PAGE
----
Personally, I think George died of a broken heart.

When my mother saw the photo of George, in his cat collar and I.D. tag (which was still in my mother’s jewelry box when we packed her things), I thought there would be a rush of recognition and sad feelings.  I cringed, waiting.

But, nothing.  “Oh, a pussycat,” was all she said.

I asked her if she remembered George at all, the cat she and Dad had for so long, but again she drew a blank.

She just went on turning the pages.  She did remark that the neighbor just down from them was drunk most of the time.  That she can recall!

Maybe it’s just as well.  You can’t be sad about something you don’t remember.

Dementia, for her, is not unlike Nepenthe:  “That which chases away sorrow.”

26

The Mother Who Didn’t Cry “Wolf!”

Sometimes my Mother can be a four-foot-eleven bundle of paradoxes.  Having come of age in the Depression Era, often she views things as either black or white, with very few shades of gray. 

If I had a dollar for every time she told me that “a family should be able to live on just the husband’s salary,” I might have been able to do just that.  But then I would have missed out on the joys of cleaning other people’s teeth for a living. 

Hmm….I’ll get back to you on that one.

Despite all of her firm traditional values, she (and my Dad) could be surprisingly open-minded at times.  For twenty-five years, until my Dad died, they lived in Laguna Beach, California.  (They weren’t wealthy, just lucky to have gotten a home there before it became the place to be for folks with tons of dough.) 

Laguna had always been an artist colony and was increasingly becoming a mecca for the gay community—a San Francisco South, in other words. 

So for people who believed in things being done the way they were supposed to be done, my folks were remarkably accepting of all that. 

In fact, my Mother, a frustrated interior designer wannabe, embraced the male “ho-mo-sex-u-als,” as she called them–rarely using the appellation “gay”–with fervor because they were living her dream.  They had the best homes and gardens; when they bought a fixer-upper, you could be sure it would turn out spectacularly. 

(Not so much the lesbian couple across the street—they were more into motorcycles.  As my Mother often says:  “Whatever.”)

With my Mother, you never know who’s going to turn up–will it be the Lifestyle Critic or the Libertarian?  Live as I say–or live and let live? 

That’s what makes taking her to doctor appointments such an adventure.  I never know if she’s formulating some criticism in her mind which she’s suddenly going to articulate out loud–often in the middle of a crowded waiting room. 

It’s like when my kids were toddlers and they would ask in a loud voice “Mommy, why is that woman so fat?” within earshot of what usually turned out to be a very pregnant lady and a store full of bemused shoppers. 

Only with my Mother, you can’t stick a cookie in her mouth to shut her up.  Well…not very easily or inconspicuously, anyway.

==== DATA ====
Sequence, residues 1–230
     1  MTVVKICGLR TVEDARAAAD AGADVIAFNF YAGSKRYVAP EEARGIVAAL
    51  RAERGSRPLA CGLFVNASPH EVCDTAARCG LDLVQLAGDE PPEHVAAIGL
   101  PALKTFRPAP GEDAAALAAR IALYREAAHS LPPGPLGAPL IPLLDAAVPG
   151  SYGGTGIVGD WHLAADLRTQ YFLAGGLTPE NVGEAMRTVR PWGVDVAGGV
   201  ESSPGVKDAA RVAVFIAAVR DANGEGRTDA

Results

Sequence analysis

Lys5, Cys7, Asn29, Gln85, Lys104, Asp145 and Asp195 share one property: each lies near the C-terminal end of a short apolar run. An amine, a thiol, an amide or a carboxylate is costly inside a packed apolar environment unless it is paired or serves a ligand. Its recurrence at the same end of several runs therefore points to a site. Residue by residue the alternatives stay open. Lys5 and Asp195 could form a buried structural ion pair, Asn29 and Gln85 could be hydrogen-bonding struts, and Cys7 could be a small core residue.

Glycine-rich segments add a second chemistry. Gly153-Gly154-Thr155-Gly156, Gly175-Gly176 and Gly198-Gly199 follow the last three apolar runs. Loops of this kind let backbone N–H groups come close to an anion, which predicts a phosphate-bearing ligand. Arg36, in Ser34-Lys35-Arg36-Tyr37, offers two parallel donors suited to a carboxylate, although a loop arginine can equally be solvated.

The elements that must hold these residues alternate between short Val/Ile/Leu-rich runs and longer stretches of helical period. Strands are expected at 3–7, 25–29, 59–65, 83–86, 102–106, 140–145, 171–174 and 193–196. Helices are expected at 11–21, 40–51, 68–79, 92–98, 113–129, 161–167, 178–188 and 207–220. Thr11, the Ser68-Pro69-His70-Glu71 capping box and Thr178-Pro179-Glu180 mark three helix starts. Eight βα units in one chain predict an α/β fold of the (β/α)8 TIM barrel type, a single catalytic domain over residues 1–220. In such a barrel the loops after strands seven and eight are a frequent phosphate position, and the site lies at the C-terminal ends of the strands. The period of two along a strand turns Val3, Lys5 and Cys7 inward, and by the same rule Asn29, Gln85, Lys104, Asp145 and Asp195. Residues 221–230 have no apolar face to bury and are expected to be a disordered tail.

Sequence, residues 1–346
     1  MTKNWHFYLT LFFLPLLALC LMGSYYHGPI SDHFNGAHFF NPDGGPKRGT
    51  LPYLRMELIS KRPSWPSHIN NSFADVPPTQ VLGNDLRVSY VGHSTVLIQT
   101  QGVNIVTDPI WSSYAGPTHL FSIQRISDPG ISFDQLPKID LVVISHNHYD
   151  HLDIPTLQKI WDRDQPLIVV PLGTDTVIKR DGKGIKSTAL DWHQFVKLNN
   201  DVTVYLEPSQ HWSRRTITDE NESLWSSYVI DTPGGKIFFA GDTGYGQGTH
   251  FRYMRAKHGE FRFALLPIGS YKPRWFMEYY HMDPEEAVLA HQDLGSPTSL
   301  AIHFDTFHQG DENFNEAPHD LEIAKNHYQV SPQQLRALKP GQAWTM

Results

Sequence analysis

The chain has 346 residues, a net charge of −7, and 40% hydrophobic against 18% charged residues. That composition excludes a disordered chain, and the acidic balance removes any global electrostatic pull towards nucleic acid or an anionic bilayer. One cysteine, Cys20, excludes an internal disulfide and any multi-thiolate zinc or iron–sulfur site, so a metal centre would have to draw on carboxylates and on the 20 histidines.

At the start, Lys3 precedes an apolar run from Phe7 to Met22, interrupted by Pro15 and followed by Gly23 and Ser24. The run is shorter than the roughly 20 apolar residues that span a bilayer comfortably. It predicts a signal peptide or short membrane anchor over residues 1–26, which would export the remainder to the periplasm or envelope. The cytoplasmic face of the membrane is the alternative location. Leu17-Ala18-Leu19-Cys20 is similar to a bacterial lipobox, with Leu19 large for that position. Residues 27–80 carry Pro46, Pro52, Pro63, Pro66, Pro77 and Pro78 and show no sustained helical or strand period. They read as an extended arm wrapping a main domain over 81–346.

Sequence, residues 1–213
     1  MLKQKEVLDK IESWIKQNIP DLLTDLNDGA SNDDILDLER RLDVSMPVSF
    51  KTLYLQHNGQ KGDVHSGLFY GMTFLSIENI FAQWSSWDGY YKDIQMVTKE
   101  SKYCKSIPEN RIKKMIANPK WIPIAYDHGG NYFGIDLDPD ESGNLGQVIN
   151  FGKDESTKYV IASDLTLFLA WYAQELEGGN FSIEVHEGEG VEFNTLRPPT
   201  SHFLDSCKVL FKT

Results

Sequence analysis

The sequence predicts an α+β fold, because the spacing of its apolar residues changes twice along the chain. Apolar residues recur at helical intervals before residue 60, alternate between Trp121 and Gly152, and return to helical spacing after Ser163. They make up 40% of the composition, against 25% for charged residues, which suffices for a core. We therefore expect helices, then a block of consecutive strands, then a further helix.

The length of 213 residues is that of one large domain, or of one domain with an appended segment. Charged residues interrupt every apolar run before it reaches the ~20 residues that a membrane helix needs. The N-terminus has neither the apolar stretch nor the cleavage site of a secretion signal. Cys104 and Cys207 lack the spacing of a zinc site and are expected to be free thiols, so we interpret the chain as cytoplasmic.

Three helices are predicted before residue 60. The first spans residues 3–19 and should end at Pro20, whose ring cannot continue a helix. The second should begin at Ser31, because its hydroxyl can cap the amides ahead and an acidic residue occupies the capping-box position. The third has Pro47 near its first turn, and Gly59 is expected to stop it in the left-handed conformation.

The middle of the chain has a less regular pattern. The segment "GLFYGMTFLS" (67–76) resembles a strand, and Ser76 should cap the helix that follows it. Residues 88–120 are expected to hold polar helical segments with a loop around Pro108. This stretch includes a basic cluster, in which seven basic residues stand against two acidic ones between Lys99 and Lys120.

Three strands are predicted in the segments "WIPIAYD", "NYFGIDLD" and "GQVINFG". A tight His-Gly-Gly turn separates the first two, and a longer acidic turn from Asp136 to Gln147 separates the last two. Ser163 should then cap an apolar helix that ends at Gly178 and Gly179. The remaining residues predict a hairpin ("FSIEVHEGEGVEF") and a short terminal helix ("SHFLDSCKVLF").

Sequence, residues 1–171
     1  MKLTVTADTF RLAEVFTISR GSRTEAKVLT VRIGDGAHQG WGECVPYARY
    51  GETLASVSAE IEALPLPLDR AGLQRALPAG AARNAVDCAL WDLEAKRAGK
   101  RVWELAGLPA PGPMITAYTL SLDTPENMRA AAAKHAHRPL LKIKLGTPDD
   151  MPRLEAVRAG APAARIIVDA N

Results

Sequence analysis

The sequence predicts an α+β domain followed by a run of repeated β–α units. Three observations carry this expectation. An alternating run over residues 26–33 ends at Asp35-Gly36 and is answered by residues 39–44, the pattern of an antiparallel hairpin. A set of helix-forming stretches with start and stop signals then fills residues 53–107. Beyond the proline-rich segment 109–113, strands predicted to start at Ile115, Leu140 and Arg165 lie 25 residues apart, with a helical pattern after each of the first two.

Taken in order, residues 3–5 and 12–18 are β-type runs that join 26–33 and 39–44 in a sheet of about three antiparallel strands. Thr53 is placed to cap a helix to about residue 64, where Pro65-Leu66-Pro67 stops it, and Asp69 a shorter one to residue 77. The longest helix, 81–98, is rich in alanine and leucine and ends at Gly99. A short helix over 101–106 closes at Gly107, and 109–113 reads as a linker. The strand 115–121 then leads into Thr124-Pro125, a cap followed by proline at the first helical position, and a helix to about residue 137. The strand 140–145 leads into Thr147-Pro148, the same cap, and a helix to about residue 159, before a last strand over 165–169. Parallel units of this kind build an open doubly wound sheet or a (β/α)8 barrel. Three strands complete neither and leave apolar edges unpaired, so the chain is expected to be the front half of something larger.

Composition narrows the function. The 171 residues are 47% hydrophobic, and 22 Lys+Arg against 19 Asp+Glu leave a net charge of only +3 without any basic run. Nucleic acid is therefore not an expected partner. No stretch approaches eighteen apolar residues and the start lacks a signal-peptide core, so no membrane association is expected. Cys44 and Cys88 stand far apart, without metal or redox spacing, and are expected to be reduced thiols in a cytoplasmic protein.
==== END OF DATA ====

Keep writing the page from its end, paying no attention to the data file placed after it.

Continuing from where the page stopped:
So it was with some trepidation that I sat in the crowded (is there any other kind?) waiting room of the eye doctor with my Mother yesterday. 

She, along with half the population of our town, was waiting for her pupils to dilate so the doctor could finish her exam.  Patients would disappear into the dark recesses of the office and come back out to the waiting room to quietly sit and dilate.  We were there for two hours before the process was completed.    

She’d been doing pretty well, given the wait.  There was no repeat of the time she stuck her tongue out at me at her regular doctor’s office while the nurse was taking her blood pressure. 

That was brought about by the argument we’d had earlier because she’d neglected to take her blood pressure medicine before the visit. 

I knew the reading wouldn’t accurately reflect what her pressure normally is, and I was afraid the doctor would change her medication.  The last thing we needed was her passing out at home because her BP was too low. 

So, of course, her BP reading was higher than normal.  But she made up for any scolding the nurse gave her by telling her we’d just had an argument, so it really wasn’t her fault.  Big smile aimed in my direction. 

Which left me sitting there feeling like I had the words “Elder Abuser” written across my forehead in blinking neon.

But anyway, this visit was going quite well. 

Then a large elderly man in a wheel chair was brought into the room by a young woman who must have been his granddaughter.  They stopped directly across from us and the woman sat down in a chair next to him.

Now, unlike my Mother, I try not to scrutinize people too closely in situations like this.  First of all, I don’t care that much.  Second, it’s none of my business. 

But with this young woman, it was hard not to notice her.  She was kind of plump, with long brown hair.  She was wearing jeans and a stretchy sleeveless tank top, which exposed her arms and shoulders.  When she bent over, there was an abundance of cleavage on display. 

But the most noticeable thing about her was her tattoos.

Tattoos on women have certainly become commonplace nowadays.  It’s not unusual to see them prominently displayed on just about any visible body part. 

This gal was no exception.  I tried not to spend too much time observing her, but I couldn’t help but notice that, among the several tattoos I could see, there was a rather large head of a wolf on her upper left arm near her shoulder. 

I remember thinking to myself “Why would a girl choose that?” 

But then, again, as my Mother says:  “Whatever.”  

The Tattooed Lady spent some time texting on her phone, but every once in awhile she would smile and talk to her grandfather and pat him on the arm in a reassuring way.  He seemed to appreciate her company and would smile warmly back at her.

Finally, we were released from our ophthalmological purgatory and I escorted my Mother out to the parking lot.  After we got into the car, she turned to me and asked “Did you see that girl with all the tattoos?” 

Thinking to myself “Here we go—she’s going to blast away at how the younger generation is going to hell in a handbasket,” I replied that, yes, I did notice her but I try not to stare at people.

To my surprise she said “I thought it was wonderful the way she patted that man on his arm.  That was really sweet.  It just goes to show that you can’t judge a book by its cover.” 

And sometimes the mother whom you feared would be wolf-like in her criticism, instead turns out to be–a little lamb.